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During 1891 and 1892 Eugène Dubois, searching for the missing link, found at Trinil (Java, Indonesia) a molar, which was ape-like, a skullcap, which had a cranial capacity between the apes and Homo sapiens, and a femur which was human-like. In 1894 he combined those fossils as Pithecanthropus erectus (now Homo erectus). Dubois excavated at Trinil for about 10 years, and besides these hominin fossils found a few thousand mammal and reptile fossils. In 1907 and 1908, Eleonora Selenka also excavated at Trinil and added a few more thousand fossils to the fauna.

At another Javan site, Kedung Brubus, Dubois found a mandible of his Pithecanthropus erectus. Here he excavated only a few hundred fossils. The whole collection from all the sites where Dubois excavated was sent to the Rijksmuseum van Natuurlijke Historie (now Naturalis Biodiversity Center), Leiden, The Netherlands, where it has been stored and curated since then. Sites with hominins are considered more special and important than sites without. For this reason, Trinil and Kedung Brubus have played a crucial role in the biostratigraphy of Java during the last century.

Dubois considered the faunas of the sites Trinil and Kedung Brubus as coeval, although he noticed a difference in faunal composition. This idea was adopted by researchers until the 1930s. Then the Dutch East Indies Geological Survey started a project to develop a biostratigraphy system for Java. One of their employers, the well-known Ralph von Koenigswald, came up with a scheme. Three faunas were distinguished by him for the Pleistocene of Java: Jetis (Early), Trinil (Middle), and Ngandong (Late Pleistocene) named after sites on Java.

When I started in the early 1980s as curator of the Dubois collection, I tried to understand the biostratigraphy of von Koenigswald. But his faunal list for Trinil was very long and I could not find the species in the Dubois or the Selenka collection. It turned out that von Koenigswald used locality names for his faunal successions, but the faunal assemblages differed from the fauna actually collected at those localities. According to von Koenigswald the ‘Jetis’ fauna was an assemblage of fossils from several localities, whereas the ‘Trinil’ fauna was an assemblage of fossils from Trinil, Kedung Brubus, and other sites. In this interpretation, the Kedung Brubus fauna was still coeval with Trinil.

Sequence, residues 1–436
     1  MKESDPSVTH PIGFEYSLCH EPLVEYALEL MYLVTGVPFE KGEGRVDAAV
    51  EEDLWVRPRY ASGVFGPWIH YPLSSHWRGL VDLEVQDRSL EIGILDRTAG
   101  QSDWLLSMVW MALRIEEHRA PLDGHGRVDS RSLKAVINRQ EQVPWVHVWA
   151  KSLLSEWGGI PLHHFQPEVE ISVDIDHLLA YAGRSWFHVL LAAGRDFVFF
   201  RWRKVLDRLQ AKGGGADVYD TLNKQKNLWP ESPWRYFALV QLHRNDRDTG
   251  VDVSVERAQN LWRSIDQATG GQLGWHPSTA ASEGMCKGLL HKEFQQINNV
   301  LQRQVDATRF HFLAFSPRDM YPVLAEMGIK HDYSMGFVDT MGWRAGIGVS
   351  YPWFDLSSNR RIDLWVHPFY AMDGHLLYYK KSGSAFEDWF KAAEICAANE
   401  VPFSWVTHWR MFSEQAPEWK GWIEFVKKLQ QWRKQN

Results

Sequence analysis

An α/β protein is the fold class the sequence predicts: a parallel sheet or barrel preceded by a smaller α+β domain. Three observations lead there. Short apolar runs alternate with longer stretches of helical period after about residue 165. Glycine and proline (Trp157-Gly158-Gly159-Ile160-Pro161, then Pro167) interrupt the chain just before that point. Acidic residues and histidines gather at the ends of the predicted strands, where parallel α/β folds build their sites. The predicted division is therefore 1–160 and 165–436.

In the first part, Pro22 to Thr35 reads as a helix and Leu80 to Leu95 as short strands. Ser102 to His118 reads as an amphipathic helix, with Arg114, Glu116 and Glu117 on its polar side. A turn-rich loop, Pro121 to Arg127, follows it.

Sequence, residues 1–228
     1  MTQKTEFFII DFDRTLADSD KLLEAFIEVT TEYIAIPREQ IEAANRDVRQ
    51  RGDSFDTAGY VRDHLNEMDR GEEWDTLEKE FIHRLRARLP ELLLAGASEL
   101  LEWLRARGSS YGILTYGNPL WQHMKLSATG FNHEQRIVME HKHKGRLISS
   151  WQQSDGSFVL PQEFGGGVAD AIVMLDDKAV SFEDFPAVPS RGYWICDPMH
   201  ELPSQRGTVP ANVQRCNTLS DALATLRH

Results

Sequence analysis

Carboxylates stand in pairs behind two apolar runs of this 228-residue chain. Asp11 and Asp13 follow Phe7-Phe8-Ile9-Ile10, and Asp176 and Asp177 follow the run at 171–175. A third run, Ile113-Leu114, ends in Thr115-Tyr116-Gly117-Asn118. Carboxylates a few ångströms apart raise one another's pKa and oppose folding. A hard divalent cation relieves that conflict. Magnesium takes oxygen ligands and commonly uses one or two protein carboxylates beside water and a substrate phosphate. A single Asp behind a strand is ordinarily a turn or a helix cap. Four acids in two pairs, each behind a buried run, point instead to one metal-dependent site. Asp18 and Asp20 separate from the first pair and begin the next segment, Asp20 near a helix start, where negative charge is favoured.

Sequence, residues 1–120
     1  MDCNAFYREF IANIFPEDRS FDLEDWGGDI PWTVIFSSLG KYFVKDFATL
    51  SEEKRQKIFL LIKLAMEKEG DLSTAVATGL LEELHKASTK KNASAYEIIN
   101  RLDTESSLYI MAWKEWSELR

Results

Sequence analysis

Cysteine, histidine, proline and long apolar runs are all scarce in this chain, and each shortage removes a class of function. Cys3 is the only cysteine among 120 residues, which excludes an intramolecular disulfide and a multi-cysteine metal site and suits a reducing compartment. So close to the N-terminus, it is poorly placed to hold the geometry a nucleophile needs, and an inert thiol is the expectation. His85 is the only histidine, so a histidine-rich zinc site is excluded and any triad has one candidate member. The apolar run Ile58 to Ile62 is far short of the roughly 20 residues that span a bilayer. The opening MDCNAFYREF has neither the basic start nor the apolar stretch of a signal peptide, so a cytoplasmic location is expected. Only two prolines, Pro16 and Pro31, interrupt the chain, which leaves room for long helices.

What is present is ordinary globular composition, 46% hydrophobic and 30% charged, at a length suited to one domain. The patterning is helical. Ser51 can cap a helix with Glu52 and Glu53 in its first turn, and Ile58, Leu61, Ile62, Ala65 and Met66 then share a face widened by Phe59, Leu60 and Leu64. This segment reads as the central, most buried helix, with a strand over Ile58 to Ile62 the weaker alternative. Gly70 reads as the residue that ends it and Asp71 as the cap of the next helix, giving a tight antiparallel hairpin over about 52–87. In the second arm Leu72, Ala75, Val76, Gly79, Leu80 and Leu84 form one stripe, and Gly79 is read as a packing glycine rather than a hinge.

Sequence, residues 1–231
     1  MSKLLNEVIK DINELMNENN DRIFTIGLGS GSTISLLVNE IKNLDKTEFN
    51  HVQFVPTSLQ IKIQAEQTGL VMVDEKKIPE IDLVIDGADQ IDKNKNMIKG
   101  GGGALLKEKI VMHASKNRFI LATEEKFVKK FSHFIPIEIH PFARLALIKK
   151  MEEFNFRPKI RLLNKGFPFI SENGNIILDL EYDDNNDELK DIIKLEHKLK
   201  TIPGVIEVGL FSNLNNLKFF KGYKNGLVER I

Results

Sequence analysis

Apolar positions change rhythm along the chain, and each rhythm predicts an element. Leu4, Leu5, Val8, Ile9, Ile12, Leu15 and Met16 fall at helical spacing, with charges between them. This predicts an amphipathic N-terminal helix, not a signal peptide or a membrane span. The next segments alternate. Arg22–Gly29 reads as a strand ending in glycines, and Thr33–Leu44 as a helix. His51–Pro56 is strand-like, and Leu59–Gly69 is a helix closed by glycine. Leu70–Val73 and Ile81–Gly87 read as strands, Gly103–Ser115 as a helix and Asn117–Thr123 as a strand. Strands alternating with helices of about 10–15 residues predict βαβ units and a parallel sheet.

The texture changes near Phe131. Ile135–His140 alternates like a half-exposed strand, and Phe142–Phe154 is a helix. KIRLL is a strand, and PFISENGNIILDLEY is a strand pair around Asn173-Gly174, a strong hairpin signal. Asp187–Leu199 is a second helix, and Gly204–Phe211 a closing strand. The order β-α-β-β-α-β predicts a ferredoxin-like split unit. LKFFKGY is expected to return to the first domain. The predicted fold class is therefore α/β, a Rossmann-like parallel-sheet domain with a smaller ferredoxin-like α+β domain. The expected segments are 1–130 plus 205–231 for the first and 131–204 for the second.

However, checking the fauna from the type localities Trinil and Kedung Brubus in the Dubois collection showed that the Trinil fauna was poor in species, while the Kedung Brubus fauna had many more. In Trinil there was only one proboscidean, a Stegodon, while in Kedung Brubus there were two — a Stegodon and Elephas. Furthermore Kedung Brubus had a few more advanced species such as Rhinoceros kendennindicus, Epileptobos, and Tapirus, which were missing in Trinil. This bias was not caused by sampling error, because the Trinil collection contains a few thousand fossils and Kedung Brubus only a few hundred.

Figure adapted from Vos et al. 1982.

Figure adapted from Vos et al. 1982.

Based on the collections, the differences in the faunal composition of Trinil and Kedung Brubus are clear. As the sites are only a few kilometres from each other, an environmental explanation between the differences in fauna is not likely. So there must be a difference in age. Because of the absence of advanced species in Kedung Brubus, we concluded that Trinil is older.

Von Koenigswald used guide fossils for his units. In Jetis it was Leptobos (a bovid). However, this species was also present in Kedung Brubus. Based on this and other species which had Jetis and Kedung Brubus fauna in common, we concluded that Jetis was coeval with Kedung Brubus. This conclusion caused a debate about the absolute age (as a precise number of years) of the faunas and the Homo erectus specimens discussed here. Th ere is still a debate about the absolute ages of these sites, while the biostratigraphic conclusion of the sequence of these events — the Trinil specimens being older than Kedung Brubus — is still considered to be correct.

What can we learn from this? Always go back to the collection from the type locality, and do not believe faunal lists.

Vos, J de, S Sartono, S Hardja-Sasmita, and P Sondaar (1982). The fauna from Trinil, type locality of Homo erectus; a reinterpretation. Geologie en Mijnbouw 61, 207–211.

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